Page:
With their new album 'Hug Of Thunder', Broken Social Scene are getting the gang back together.
The idea of community is particularly prevalent at the moment, with the kindness of friends and neighbours blooming in an otherwise bleak landscape.
It’s with a similar mentality that Broken Social Scene are returning after a seven-year break, minus a few festival shows, with fifth album ‘Hug Of Thunder'. What makes the record especially apt for these times is its beginnings: the 2015 Bataclan attacks in Paris prompting the band to bring their own brand of positivity back into the world.
But that’s not the only link: arriving in the UK earlier this year for two shows to mark Broken Social Scene’s resurrection, the first date was to take place in Manchester - the day after Ariana Grande performed at Manchester Arena. Their comeback show was thrown into a spotlight they hadn't anticipated as one of the first in the city after a devastating terror attack that killed twenty-three adults and children.
The following day, Kevin Drew and co-founder Brendan Canning are in London and feeling a little worse for wear. "Kevin was a little bit apprehensive," Brendan explains, "but we just felt... you know, the bombing, and Ariana Grande - you felt a little bit nervous, but I was ready to get back at it."
"It's good to be with your friends," Kevin continues, "and yesterday was a very intense and beautiful day. It was the way we started; we were all with friends."
One of the friends in attendance was Manchester's beloved son, Johnny Marr. "The fact that he came," Kevin beams. "I said, ‘Johnny, we'll never forget that, forever'. He was going to come originally, but then everything happened, and he didn't want to do it. He was too emotional, but then near the end of the day, about an hour before the show, he came." Breaking the story with laughter, he continues: "He was like, ‘Sorry to be dramatic!' [I said], you be however you need to be."
This pair of UK shows were originally supposed to align with the album release. However, plans changed and it shifted to July - one of the few downsides to having such a vast number of members. "Putting the record together took some time," Kevin explains, "just to select the songs because so many people had these loves and attachments, and you had to work through them."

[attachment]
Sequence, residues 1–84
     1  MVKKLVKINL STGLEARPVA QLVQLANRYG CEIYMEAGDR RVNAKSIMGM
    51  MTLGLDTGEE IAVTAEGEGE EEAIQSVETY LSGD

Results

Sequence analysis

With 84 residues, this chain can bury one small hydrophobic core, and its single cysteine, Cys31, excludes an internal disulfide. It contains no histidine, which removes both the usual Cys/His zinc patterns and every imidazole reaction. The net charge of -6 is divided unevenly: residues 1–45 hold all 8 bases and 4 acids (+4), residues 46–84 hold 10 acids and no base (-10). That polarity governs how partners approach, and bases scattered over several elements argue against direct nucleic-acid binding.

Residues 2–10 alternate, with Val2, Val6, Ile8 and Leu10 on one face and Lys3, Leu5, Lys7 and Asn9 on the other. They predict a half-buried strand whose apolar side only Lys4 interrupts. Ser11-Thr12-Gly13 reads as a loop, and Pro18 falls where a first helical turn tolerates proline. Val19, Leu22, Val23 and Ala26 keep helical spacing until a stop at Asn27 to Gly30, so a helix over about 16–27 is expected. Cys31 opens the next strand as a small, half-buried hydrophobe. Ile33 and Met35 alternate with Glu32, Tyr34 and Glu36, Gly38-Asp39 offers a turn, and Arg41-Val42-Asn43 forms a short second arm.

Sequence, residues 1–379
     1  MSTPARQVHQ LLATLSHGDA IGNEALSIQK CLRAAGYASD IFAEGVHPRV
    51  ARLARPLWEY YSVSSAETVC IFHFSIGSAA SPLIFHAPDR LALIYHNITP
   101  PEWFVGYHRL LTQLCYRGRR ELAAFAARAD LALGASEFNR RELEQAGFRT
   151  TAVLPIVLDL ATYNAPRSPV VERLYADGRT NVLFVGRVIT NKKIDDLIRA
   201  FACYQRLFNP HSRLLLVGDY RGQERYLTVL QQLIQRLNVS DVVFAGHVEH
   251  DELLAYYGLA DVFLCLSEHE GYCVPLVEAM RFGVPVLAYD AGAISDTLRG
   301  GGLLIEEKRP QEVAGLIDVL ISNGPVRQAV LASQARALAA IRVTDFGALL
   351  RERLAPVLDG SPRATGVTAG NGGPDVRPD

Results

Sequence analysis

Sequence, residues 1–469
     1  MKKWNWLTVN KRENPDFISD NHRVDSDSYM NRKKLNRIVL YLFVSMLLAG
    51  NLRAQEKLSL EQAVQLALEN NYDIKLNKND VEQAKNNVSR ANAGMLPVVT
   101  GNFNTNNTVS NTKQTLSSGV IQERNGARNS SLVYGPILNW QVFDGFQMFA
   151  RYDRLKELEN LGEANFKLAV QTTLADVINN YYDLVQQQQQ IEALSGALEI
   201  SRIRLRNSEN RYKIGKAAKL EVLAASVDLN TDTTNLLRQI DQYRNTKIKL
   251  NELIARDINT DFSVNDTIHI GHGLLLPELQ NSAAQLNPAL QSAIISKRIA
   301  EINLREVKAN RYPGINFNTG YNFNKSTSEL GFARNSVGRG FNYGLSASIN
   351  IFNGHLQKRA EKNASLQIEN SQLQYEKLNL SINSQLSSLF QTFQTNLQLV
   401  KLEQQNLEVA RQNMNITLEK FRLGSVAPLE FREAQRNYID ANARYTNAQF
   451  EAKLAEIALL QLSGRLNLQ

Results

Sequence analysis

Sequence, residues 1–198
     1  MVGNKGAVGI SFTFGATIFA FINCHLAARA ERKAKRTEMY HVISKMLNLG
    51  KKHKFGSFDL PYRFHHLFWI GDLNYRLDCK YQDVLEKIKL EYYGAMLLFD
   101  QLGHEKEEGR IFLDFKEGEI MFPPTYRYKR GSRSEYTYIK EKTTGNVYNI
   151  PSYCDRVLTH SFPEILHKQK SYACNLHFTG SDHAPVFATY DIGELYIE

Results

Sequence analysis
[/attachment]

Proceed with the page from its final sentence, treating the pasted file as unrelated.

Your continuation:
It's difficult to pin down the band's sprawling and ever-changing cast, which can include as few as five or as many as twenty people. "[We're all] very strong-minded individuals," Brendan says of their membership. "It's a miracle that we ever get anything done. And that's just the core members! Whether it's Feist or Emily Haines, everyone's strong, they can all produce their own record. They can all steer their own ships quite successfully."
Broken Social Scene are an organic beast, swelling and decreasing in number dependant on circumstance, but its core always remains. Touring can present an issue though - how do you bring a collective on tour? "We always try and get everybody out, but first it's unaffordable and two it's difficult scheduling wise," Kevin offers.
"It's gotta be worth it because you're dragging a fucking cavalcade, a travelling circus," Brendan laughs. "But some days, the phone rings it's like, ‘Hey, you wanna play with Morrissey at this castle in Malaga?' You're like, well I've never been to Malaga, let's do it!"
Each band member brings something different to the table, and since their 2001 debut, ‘Feel Good Lost', Broken Social Scene have consistently tried new things. "I grew up in the suburbs, so I was into pro wrestling and heavy metal," says Brendan, a self-confessed metal head, who's a fan of bands like Slayer and Celtic Frost, "but I always liked pop music." It's his role to bring "the energy, the angst of it, I think that's more my job in this band. I inject a bit of angst."
"At the end of the day, you're just trying to do something new and fresh together," Kevin continues, "and be who you are and sound like who you are and keep to the values of what got you there. It's the muscle memory that keeps you going because you know the heartbeats of the people around you. It creates a comfort that makes it easier to be out there doing it, you are a team."
Broken Social Scene hold a special place in many a music fan’s heart - and their new album is both a world away from their early beginnings, yet somehow, much the same. ”You're thinking, yeah, there's twelve of us on stage, or the next show there's five of us or the next there's nine of us,” Brendan laughs. “You're writing different songs, that's the beauty when first starting out - you're not thinking about the ‘industry’. I was more thinking, this feels good.”
Taken from the August issue of Dork. Order a copy below. Broken Social Scene's album 'Hug of Thunder' is out now.